The Non Tailored Jacket

No facings, no interfacing, no lining, no seam or edge finishing, no roll lines, no turn of cloth allowance, no pressing as I sewed.

Not very tailored.

Also a bit too big.

Perhaps I should stick to BurdaStyle patterns. I know how they fit.

The fabric is a double faced wool knit, so I should be able to shrink it by washing, shouldn’t I? That’s what usually happens by mistake.

I washed a 10 x 10 cm square in cold water. Still 10 x 10 cm. I steamed it. Still 10 x 10 cm. I washed it in hot water. Still 10 x 10 cm. I washed it in hot water and ironed it dry with the iron on hot. Still 10 x 10 cm. I poured boiling water on it. Some of the colour came out but it is still 10 x 10 cm. It is not felted at all.

The pattern has seaming on the back

With the collar open, the other “face” of the fabric and the raw edge construction is on display.

And it is reversible.

Technical details

Pattern: KwikSew 3827

Size: XS-S-M-L-XL. I made an M (bust 94-98 cm, waist 70-74 cm).

From flat pattern measurements through the bust, and from the sizing chart, I thought a an M would fit. I should have also measured through the shoulders. Perhaps the stretch of the knit fabric hasn’t helped either. Perhaps KwikSew patterns run big?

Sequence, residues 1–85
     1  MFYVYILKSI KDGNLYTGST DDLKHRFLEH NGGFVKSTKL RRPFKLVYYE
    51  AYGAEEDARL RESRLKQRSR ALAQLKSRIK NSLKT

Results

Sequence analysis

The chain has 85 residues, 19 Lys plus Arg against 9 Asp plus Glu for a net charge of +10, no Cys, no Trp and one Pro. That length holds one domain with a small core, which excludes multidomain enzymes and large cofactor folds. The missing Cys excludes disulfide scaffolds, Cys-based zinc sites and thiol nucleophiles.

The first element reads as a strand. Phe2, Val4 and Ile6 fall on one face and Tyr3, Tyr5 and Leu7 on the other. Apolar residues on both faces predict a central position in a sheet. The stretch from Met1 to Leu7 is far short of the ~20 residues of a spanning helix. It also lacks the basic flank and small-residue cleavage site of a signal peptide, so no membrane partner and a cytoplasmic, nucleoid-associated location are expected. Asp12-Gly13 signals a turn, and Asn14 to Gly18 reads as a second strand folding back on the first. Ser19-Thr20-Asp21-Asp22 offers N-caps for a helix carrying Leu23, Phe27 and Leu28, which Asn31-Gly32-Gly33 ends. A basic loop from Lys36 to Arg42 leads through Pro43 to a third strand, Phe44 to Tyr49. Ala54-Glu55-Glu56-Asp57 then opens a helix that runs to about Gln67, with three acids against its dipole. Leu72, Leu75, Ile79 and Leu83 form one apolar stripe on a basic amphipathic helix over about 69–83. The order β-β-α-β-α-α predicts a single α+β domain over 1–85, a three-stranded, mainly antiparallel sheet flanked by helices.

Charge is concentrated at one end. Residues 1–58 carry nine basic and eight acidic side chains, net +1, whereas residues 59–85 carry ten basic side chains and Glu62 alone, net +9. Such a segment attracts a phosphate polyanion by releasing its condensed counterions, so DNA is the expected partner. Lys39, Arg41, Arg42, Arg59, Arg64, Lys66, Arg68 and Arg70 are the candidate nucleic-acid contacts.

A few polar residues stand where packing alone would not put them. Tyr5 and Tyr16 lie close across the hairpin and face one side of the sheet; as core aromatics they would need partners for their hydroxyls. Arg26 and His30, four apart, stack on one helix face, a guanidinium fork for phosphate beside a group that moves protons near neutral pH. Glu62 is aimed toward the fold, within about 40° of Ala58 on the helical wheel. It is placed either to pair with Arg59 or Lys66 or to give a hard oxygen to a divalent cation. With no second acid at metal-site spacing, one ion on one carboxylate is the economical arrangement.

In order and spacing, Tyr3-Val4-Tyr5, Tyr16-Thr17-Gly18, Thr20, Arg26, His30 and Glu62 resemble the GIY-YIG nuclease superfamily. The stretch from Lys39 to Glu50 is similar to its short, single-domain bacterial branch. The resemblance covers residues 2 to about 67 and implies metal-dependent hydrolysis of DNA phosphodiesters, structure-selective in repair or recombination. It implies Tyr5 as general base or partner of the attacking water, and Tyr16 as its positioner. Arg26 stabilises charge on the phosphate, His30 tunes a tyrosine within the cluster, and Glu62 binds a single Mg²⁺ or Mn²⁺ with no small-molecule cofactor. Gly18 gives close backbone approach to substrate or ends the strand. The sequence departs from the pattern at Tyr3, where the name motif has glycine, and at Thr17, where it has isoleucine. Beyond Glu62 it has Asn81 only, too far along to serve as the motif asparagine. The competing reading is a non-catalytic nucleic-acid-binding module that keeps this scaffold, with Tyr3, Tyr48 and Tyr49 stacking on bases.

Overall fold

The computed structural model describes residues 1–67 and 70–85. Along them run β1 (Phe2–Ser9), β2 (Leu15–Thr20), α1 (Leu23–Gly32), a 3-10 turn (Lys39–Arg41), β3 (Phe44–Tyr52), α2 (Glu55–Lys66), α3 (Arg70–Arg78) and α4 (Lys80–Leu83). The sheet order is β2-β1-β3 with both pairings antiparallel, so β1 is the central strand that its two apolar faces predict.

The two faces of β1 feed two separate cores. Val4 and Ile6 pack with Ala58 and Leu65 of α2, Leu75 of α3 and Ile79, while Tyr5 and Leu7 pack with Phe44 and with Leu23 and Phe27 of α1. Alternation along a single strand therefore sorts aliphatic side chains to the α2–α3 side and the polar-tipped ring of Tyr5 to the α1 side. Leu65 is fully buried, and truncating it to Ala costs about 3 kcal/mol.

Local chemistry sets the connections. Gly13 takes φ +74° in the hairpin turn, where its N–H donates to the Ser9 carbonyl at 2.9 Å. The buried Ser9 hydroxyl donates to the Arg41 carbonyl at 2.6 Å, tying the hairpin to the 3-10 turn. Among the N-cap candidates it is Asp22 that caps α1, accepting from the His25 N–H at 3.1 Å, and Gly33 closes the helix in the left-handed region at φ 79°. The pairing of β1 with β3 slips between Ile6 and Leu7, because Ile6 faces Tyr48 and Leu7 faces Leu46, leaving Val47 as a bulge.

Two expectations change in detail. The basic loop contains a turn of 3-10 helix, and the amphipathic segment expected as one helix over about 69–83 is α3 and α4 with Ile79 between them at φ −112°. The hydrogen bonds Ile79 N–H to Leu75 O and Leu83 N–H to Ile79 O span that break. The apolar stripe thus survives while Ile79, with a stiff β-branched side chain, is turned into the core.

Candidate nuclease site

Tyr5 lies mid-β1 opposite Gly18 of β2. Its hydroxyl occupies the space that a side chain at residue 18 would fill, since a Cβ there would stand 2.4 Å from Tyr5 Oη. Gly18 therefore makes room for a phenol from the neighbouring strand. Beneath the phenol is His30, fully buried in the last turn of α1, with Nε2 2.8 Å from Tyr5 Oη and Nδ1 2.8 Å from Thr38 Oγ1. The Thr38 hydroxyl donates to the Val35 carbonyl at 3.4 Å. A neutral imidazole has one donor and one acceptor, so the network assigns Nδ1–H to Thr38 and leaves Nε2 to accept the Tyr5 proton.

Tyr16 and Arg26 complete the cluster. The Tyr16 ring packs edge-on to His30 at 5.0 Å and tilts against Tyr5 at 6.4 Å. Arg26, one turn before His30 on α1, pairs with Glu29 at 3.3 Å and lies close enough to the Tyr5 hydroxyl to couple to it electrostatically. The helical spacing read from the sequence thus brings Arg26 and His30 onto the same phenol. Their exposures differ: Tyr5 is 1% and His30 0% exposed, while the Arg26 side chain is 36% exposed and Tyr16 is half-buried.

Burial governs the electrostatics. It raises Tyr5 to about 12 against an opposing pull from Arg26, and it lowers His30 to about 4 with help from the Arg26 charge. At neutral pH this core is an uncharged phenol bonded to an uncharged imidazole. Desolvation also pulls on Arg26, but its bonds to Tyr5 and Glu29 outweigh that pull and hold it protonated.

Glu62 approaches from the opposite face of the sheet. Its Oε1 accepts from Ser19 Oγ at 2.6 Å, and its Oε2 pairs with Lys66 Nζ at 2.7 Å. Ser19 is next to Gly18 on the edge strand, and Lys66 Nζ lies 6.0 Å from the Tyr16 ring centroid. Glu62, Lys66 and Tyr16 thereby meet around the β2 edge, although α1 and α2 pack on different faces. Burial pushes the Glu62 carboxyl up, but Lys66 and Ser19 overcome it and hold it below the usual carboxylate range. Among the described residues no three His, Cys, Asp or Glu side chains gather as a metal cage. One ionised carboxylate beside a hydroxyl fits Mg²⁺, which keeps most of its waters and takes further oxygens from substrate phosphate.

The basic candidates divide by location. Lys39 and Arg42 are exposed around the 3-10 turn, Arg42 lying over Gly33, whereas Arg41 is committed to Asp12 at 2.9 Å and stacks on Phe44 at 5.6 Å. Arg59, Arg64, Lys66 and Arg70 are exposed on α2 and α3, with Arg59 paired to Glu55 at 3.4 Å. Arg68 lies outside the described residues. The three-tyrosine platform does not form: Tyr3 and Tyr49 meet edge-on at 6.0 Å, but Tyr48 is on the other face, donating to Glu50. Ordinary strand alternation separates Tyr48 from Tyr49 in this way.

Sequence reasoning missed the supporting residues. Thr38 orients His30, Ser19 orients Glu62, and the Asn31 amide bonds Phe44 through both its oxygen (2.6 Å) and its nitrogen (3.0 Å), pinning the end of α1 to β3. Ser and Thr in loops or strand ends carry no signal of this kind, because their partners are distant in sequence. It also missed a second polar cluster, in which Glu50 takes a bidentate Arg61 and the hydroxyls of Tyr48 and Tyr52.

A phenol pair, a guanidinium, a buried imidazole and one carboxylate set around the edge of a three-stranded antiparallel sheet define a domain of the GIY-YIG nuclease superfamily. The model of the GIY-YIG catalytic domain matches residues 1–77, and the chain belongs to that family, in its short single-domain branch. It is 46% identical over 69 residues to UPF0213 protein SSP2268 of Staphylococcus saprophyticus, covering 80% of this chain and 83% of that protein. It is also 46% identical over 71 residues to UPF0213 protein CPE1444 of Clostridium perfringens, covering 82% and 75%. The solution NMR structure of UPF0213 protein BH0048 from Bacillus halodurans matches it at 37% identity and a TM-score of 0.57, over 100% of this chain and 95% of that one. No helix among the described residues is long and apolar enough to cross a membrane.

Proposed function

Fabric:

A double faced wool knit, proved now to be utterly and completely machine washable. Soft and warm with good stretch and recovery. Not felted or even pilled after soaking in boiling water.

Changes I made to the pattern:

I didn’t face or interface the collar or front, line the jacket or add pockets.

On the front and back vertical seams and the shoulder seams I used a lapped seam construction and topstitched 6 mm away from the edge as well as 2 mm from the edge. This allowed some of the red to show through on the grey side and vice versa.

For the sleeves, armscye and collar, I stitched the red sides together and then trimmed back one of the seam allowances, folded the other over the top, stitched it down 6 mm from the seam line and then trimmed off the excess. It’s a neat topstitched look on the red side, and raw edged look on the grey side.

I didn’t trim of the allowances for the sleeve and jacket hems or the top of the collar, but stitched 2 and 6 mm from the edge. This means the sleeves are a bit long, but can be turned up to show the other side.

I should try this pattern again in a woven and make it up”properly”. It has potential.

I should wear this jacket over top of lots of other layers and with a warm hat. Then it will make more sense. Perhaps next winter. Spring is just around the corner.

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16 Responses to The Non Tailored Jacket

  1. Tia Dia says: